Environmental police in Hanoi have arrested two men for illicitly trading rhino horns and many tusks, claws, and horns of other wild animal species.
Nguyen Hai Au, 34, a local resident, and Hoang Duc Quan, 29, hailing from the northern province of Cao Bang, were caught trading in the wild items at a house at 102 Le Quang Dao Street in Nam Tu Liem District on Wednesday night. Police officers seized from them several rhino horns weighing 100 grams and many tusks, claws, and horns of other wild animal species. Au and Quan failed to show any documents to prove the origin of the items. The two told police that they could sell smuggled rhino horns for about VND100 million (US$4,670) per 100 gram. Police officers also confiscated a plastic gun that the traffickers said they had used to threaten other people in their drug deals when necessary. The two men belonged to a rhino horn smuggling ring that operated in Hanoi for four years, investigators said. The police are expanding their investigation to track down others involved in the ring. Many rhino smuggling cases have been discovered in Vietnam in the past years. The most recent case occurred at Noi Bai International Airport in Hanoi on October 27, when customs officers found rhino horns weighing 6 kg hidden in the luggage of a Vietnamese woman, 29-year-old Nguyen Thi Ngoc Tu, who flew in from Bangkok. The woman told customs officers that she was hired by a person in Bangkok to bring the horns to Hanoi. The Vietnamese government recently issued a directive banning specimens of rhinos and several other wild animals from being traded, exported or imported.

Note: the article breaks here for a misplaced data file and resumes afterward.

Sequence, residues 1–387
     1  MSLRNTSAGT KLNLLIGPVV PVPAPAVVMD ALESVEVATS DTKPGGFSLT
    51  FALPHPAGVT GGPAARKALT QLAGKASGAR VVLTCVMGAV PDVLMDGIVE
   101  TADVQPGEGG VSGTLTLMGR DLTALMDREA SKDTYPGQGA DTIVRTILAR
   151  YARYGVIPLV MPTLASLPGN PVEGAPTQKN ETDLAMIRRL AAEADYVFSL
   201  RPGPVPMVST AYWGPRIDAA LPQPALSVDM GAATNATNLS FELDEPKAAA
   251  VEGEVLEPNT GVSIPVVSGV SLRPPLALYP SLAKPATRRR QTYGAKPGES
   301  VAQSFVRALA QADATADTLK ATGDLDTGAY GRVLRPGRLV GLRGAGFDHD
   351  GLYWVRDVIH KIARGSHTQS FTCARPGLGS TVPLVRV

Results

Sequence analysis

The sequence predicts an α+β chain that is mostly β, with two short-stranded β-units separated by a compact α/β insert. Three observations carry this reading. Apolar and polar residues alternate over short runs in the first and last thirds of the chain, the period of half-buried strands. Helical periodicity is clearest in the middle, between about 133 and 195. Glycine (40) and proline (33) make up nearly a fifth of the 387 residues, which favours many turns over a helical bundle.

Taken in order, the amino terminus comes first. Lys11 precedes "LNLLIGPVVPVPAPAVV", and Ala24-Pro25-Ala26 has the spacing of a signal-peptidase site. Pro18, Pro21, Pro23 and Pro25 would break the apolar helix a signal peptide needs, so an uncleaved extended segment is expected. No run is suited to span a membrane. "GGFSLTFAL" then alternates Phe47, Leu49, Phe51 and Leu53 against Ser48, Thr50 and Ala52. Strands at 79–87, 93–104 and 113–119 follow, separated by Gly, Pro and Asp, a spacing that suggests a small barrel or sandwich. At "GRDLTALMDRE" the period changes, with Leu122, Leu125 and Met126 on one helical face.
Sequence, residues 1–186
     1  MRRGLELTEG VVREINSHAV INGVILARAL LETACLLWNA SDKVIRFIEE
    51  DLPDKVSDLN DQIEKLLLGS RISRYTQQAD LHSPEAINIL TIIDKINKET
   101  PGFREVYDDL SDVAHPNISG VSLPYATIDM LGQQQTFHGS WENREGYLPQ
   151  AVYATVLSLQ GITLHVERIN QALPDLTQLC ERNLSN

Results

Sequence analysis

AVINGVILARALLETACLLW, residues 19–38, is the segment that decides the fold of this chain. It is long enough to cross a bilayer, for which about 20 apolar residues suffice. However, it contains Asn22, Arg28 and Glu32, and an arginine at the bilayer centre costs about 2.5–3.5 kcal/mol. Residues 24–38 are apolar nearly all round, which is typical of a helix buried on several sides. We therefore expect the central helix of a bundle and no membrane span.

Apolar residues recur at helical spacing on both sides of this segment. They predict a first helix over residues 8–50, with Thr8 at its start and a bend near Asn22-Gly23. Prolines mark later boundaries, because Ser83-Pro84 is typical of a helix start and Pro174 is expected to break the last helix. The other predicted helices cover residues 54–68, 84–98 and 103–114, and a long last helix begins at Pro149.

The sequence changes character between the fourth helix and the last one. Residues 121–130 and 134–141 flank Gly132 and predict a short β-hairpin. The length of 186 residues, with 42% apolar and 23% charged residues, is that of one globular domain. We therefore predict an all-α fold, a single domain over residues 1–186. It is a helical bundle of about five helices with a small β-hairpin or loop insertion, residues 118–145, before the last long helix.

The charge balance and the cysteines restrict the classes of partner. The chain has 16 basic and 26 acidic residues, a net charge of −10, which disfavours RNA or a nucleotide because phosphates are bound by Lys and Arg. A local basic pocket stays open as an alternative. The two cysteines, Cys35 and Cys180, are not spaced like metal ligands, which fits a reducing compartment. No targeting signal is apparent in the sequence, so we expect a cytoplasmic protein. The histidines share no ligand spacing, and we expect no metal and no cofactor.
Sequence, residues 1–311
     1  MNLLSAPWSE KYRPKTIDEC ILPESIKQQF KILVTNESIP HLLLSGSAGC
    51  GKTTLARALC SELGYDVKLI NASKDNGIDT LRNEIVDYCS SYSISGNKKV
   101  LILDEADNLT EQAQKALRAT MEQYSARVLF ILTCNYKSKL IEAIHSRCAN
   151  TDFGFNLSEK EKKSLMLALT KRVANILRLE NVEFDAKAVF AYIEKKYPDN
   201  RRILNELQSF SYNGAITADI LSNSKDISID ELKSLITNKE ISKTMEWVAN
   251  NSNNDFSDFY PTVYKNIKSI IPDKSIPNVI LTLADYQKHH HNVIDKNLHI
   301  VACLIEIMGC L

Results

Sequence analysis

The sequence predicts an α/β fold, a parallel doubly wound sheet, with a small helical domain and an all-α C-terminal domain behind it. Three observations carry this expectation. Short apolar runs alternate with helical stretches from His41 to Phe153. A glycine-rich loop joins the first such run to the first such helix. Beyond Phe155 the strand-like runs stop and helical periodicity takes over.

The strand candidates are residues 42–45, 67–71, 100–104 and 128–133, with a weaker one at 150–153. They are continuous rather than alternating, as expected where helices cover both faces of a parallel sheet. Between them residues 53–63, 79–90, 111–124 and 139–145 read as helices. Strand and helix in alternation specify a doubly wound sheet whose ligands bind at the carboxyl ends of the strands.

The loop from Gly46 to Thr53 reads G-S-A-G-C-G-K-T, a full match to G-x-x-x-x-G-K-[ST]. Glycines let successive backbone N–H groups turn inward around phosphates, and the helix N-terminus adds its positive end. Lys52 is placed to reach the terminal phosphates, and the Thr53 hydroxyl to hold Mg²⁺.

Specifically, specimens of white and black rhinos and elephants, as well as products made from their horns, are prohibited.
Any other animals included in the list of the appendices of the Convention on International Trade in Endangered Species of Wild Flora and Fauna are also not to be traded.